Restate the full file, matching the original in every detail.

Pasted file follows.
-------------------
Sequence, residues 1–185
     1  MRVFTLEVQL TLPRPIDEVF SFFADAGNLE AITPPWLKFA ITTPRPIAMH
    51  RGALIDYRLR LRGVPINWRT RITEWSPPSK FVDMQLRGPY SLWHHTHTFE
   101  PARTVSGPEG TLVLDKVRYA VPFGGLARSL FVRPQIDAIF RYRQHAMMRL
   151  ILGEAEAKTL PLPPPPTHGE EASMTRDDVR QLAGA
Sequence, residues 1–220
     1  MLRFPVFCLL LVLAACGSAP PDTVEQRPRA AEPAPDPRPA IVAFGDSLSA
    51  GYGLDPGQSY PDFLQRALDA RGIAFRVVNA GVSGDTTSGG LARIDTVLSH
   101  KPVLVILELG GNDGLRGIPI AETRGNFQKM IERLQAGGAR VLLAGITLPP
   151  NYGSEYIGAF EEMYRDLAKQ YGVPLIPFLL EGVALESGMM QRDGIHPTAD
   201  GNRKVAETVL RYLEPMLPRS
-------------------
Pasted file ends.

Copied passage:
Sequence, residues 1–185
     1  MRVFTLEVQL TLPRPIDEVF SFFADAGNLE AITPPWLKFA ITTPRPIAMH
    51  RGALIDYRLR LRGVPINWRT RITEWSPPSK FVDMQLRGPY SLWHHTHTFE
   101  PARTVSGPEG TLVLDKVRYA VPFGGLARSL FVRPQIDAIF RYRQHAMMRL
   151  ILGEAEAKTL PLPPPPTHGE EASMTRDDVR QLAGA
Sequence, residues 1–220
     1  MLRFPVFCLL LVLAACGSAP PDTVEQRPRA AEPAPDPRPA IVAFGDSLSA
    51  GYGLDPGQSY PDFLQRALDA RGIAFRVVNA GVSGDTTSGG LARIDTVLSH
   101  KPVLVILELG GNDGLRGIPI AETRGNFQKM IERLQAGGAR VLLAGITLPP
   151  NYGSEYIGAF EEMYRDLAKQ YGVPLIPFLL EGVALESGMM QRDGIHPTAD
   201  GNRKVAETVL RYLEPMLPRS